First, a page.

Release Date: 11/11/2010
Balloon Kyphoplasty repairs painful vertebral fractures – in less than one hour
Balloon Kyphoplasty patient Eugene Anacker, left, shares a lighthearted moment with Walt Emerson, radiological technologist and manager of Interventional Radiology at St. Anthony's Heart and Vascular Institute.
Eugene Anacker, 79, was taking a shower at his south St. Louis home, when he started feeling dizzy. It was his second dizzy spell that week; but this time he passed out and hit the floor – fracturing a lumbar vertabra in the process. His wife, Beverly, called an ambulance to transport him to St. Anthony’s Medical Center.
“I never had anything hurt worse in my life,” Anacker said. “The pain was excruciating.”
The following day, Robert Al-Aly, M.D., an interventional radiologist at St. Anthony’s, performed a Balloon Kyphoplasty on Anacker’s vertebra. As soon as he awakened from the 45-minute procedure, Anacker described his pain level as “going from a ‘9’ to a ‘3’ – truthfully, I think I’ve had a tooth pulled that hurt worse,” he said.
Balloon Kyphoplasty is a minimally invasive spinal surgery procedure used to treat painful, progressive vertebral compression fractures – a fracture in the body of a vertebra that causes it to collapse. This causes the spinal column above it to develop an abnormal forward curve. Left alone, the fracture heals in a permanently deformed state, decreasing mobility, limiting activities and increasing the risk of future fractures.
Kyphoplasty, an outpatient procedure, is designed to help correct the spinal deformity caused by the fracture, significantly reduce pain and enable the patient to stay strong, mobile and independent.
“The best results are achieved when the fracture is diagnosed and treated as early as possible,” Dr. Al-Aly said. “Many patients have osteoporosis, some have experienced falls, some have had back pain for weeks. We can perform as many Kyphoplasty procedures as necessary throughout the spinal column, and the reinforced bone does not deteriorate over time. A few years ago, I performed the procedure on five vertebrae of a policeman with multiple myeloma (bone marrow cancer). It is good for people who don’t want to give up their activities – it gives them freedom again.”
Dr. Al-Aly explained how the procedure is performed. The physician makes two small (one-centimeter) incisions in the patient’s back and inserts two tubes to the site of the fractured bone. A balloon tamp is inserted through each tube and inflated, helping to push the bone back to its normal height and shape. The physician then withdraws the balloons and fills the resulting cavity with bone cement, forming an internal cast.
When the cement hardens, in about 10 minutes, the tubes are removed. In most cases, there is no need to suture; a simple dressing is applied to the incisions. The patient generally goes home the same day and can resume normal activities without restrictions.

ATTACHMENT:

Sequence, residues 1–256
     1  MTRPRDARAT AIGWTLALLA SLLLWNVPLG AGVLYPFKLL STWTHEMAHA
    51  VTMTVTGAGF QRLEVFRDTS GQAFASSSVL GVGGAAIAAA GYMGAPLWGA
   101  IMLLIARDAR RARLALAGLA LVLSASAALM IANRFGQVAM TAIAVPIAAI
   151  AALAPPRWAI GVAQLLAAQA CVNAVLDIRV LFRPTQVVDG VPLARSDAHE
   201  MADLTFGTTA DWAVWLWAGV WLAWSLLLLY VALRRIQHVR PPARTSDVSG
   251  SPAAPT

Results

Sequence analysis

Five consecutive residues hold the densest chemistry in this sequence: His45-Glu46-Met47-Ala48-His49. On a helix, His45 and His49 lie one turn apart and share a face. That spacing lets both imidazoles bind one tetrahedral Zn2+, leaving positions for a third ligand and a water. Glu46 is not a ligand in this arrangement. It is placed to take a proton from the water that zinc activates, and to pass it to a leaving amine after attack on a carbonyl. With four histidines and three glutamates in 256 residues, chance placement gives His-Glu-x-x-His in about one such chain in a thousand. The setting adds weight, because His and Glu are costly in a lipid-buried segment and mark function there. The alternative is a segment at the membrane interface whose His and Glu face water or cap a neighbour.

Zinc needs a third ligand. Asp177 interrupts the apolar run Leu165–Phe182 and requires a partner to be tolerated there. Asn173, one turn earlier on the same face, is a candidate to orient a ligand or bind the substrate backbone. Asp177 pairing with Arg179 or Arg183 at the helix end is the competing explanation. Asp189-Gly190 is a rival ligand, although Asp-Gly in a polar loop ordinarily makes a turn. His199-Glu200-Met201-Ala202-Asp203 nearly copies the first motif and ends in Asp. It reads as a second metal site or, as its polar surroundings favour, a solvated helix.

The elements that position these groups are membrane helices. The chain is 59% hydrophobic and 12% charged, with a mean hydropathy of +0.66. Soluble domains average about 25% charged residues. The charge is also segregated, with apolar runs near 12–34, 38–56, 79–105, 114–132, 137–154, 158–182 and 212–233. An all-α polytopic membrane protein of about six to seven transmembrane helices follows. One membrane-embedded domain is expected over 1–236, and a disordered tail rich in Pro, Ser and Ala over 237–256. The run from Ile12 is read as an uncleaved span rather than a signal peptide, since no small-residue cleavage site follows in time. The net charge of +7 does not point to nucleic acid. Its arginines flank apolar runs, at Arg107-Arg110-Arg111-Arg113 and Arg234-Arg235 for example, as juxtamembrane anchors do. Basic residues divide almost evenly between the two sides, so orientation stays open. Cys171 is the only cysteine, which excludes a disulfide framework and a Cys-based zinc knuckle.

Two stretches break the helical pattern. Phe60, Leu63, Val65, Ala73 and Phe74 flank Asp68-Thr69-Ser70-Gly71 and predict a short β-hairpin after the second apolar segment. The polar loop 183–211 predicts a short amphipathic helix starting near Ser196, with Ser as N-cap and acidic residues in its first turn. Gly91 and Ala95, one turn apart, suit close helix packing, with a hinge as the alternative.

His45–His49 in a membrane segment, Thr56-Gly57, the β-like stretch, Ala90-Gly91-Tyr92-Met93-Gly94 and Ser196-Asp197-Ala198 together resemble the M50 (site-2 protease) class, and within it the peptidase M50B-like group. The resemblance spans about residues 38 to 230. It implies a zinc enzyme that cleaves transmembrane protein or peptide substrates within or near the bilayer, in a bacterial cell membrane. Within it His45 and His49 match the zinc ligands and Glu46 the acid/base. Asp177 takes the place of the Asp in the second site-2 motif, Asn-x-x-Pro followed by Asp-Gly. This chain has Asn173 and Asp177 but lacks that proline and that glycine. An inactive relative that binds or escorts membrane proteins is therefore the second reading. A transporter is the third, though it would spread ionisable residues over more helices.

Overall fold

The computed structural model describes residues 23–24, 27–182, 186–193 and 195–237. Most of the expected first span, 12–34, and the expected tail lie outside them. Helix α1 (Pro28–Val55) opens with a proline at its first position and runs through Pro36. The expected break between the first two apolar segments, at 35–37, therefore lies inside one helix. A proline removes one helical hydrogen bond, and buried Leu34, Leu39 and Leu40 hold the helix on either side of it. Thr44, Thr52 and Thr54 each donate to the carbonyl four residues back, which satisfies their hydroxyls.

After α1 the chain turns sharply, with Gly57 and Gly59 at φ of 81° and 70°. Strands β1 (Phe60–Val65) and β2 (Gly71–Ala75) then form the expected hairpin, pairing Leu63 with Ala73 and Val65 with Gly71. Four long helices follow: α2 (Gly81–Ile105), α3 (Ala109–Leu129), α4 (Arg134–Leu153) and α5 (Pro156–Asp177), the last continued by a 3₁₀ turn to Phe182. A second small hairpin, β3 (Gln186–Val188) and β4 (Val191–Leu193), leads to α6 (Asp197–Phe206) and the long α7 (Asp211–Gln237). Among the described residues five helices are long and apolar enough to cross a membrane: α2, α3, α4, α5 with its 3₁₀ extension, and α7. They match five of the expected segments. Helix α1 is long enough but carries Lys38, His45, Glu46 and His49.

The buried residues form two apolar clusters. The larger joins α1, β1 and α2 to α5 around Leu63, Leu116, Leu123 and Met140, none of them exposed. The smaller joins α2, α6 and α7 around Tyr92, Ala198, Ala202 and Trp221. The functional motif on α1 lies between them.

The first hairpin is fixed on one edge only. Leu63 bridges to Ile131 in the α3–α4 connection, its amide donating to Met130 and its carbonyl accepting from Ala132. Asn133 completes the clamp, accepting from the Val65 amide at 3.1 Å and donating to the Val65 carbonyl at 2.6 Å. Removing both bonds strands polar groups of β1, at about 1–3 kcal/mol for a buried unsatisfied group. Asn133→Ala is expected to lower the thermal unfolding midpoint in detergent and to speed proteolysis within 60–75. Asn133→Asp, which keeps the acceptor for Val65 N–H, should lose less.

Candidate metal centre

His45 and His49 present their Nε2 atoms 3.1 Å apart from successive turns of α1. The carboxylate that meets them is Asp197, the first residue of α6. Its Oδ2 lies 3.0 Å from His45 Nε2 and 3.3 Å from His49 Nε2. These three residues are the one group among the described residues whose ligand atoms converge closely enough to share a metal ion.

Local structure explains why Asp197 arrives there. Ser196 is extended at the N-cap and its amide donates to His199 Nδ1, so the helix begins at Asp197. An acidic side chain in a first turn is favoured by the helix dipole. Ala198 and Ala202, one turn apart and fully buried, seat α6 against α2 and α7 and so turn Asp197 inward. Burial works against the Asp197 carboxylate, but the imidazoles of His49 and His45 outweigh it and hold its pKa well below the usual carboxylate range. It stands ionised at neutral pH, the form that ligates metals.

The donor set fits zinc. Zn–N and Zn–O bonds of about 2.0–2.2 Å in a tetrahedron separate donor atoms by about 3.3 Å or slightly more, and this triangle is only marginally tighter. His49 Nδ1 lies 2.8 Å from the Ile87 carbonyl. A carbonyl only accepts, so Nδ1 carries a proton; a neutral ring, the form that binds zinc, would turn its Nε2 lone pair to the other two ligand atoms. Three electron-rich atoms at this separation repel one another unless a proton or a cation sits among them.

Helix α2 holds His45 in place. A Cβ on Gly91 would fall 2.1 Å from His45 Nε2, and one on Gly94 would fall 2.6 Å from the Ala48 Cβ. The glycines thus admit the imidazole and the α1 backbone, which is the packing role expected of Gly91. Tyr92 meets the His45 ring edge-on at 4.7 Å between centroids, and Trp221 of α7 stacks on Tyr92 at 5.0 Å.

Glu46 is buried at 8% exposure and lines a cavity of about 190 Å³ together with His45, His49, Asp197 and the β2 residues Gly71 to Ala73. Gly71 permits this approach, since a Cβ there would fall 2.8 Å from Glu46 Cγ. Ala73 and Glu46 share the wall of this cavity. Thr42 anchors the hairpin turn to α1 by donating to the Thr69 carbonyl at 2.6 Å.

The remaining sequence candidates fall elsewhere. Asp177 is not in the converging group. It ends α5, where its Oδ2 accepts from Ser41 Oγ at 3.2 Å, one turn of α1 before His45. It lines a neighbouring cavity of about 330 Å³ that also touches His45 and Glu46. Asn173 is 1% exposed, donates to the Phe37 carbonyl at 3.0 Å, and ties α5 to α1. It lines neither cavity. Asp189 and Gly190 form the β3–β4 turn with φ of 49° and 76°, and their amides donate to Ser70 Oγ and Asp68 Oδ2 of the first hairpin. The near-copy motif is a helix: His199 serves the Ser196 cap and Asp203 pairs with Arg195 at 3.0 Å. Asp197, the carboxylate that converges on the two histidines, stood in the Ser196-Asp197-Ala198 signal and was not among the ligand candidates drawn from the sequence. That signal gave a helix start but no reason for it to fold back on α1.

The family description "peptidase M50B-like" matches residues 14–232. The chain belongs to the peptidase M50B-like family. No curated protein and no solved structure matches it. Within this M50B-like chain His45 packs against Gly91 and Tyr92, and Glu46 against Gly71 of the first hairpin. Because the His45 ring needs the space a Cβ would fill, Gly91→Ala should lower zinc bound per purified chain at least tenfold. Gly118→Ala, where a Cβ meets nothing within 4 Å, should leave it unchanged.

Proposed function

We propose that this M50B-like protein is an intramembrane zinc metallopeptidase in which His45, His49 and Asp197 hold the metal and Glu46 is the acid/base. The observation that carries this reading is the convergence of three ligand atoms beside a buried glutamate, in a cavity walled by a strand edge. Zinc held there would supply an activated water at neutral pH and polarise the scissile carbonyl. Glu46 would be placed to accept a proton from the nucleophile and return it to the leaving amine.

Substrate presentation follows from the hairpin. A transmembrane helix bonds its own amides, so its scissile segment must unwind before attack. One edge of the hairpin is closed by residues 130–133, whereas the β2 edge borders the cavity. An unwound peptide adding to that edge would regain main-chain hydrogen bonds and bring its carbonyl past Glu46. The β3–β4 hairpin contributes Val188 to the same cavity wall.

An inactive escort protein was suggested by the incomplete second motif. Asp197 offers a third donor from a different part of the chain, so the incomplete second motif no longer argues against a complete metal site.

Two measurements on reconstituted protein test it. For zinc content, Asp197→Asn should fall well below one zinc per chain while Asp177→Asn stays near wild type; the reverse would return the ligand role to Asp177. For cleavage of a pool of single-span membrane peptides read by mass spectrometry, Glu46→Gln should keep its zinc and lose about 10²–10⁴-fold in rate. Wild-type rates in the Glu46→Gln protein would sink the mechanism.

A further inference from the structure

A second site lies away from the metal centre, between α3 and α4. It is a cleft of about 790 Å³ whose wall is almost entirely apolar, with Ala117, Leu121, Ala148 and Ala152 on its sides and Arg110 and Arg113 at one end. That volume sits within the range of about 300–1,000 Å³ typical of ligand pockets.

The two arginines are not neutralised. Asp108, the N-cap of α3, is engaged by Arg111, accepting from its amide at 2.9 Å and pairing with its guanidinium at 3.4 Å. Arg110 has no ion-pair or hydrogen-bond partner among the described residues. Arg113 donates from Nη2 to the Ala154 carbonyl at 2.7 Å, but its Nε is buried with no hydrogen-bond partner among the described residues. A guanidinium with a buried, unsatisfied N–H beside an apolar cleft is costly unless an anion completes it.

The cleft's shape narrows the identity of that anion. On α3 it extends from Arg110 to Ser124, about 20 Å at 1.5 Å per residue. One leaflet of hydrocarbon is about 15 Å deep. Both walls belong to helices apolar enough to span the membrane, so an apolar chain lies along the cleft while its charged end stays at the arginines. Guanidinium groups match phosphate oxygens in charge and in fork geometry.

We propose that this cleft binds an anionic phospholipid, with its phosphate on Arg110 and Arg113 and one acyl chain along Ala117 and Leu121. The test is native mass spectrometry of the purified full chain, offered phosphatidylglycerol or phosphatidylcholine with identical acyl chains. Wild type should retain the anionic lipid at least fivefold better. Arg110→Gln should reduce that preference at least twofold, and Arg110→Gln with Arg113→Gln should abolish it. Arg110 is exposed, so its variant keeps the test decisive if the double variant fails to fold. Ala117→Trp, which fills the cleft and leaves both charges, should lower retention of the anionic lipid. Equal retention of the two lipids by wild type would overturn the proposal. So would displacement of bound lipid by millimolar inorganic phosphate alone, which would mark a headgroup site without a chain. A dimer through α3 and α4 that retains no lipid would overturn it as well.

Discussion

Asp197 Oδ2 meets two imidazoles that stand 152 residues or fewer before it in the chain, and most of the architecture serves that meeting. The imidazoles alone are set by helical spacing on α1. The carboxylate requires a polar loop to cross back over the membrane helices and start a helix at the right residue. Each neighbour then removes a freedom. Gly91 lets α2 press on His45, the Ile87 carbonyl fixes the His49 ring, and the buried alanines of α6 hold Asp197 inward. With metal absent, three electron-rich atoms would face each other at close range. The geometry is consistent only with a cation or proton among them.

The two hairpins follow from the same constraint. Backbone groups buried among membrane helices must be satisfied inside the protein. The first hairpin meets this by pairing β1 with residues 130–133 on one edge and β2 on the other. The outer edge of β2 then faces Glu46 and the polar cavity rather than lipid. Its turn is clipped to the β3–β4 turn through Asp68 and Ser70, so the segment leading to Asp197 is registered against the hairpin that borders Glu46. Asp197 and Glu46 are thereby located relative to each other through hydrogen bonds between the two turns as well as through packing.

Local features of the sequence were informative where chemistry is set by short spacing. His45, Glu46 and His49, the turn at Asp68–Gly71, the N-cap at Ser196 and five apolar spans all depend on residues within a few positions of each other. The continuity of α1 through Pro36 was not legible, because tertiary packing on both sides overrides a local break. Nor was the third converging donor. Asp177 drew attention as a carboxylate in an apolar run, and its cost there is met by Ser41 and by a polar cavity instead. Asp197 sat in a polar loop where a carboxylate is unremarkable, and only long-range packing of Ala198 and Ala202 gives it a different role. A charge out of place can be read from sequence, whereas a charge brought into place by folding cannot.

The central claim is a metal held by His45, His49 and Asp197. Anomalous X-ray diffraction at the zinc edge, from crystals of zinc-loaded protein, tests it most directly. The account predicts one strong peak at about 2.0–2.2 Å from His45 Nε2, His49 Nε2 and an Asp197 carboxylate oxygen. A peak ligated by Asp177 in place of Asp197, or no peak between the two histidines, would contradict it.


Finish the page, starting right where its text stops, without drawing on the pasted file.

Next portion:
“Ninety-nine percent of patients say, ‘My pain is gone!’ while they’re still on the table,” Dr. Al-Aly said. “Problems with this procedure are very rare, and 90 to 95 percent of patients come out completely pain-free.”
While some physicians might initially treat the patient with painkilling medications; they often provide only limited relief and may cause other problems, particularly among older patients, Dr. Al-Aly said. “Narcotic drugs can cause the patient to become weak, dizzy and disoriented,” Dr. Al-Aly said. “They also may cause nausea and constipation, particularly among the elderly population. Some patients may be unable to tolerate the drugs because of other medications they are taking. Kyphoplasty eliminates the need for painkilling medications.”
Walt Emerson, radiological technologist and manager of Interventional Radiology at St. Anthony’s Heart and Vascular Institute, said, “I’ve seen patients come in for a Kyphoplasty, who had been dealing with pain for weeks, walk out after a few hours, pain-free. I’ve seen such positive results from the use of this procedure that I’d like to educate everyone – it is phenomenal.”
Anacker, retired since 1991 after 40 years with the U.S. Air Force, said he had never heard of Balloon Kyphoplasty before, but would recommend it to anyone with a vertebral fracture. “If anyone has a question about whether or not to do it – do it,” he said.
Learn more information about St. Anthony’s Heart and Vascular Institute or to contact Dr. Al-Aly or other St. Anthony’s physicians, or call 314-ANTHONY (268-4669).
For information, please call our Health Access Line at 314-ANTHONY (268-4669) or 800-554-9550 or visit find a physician online.
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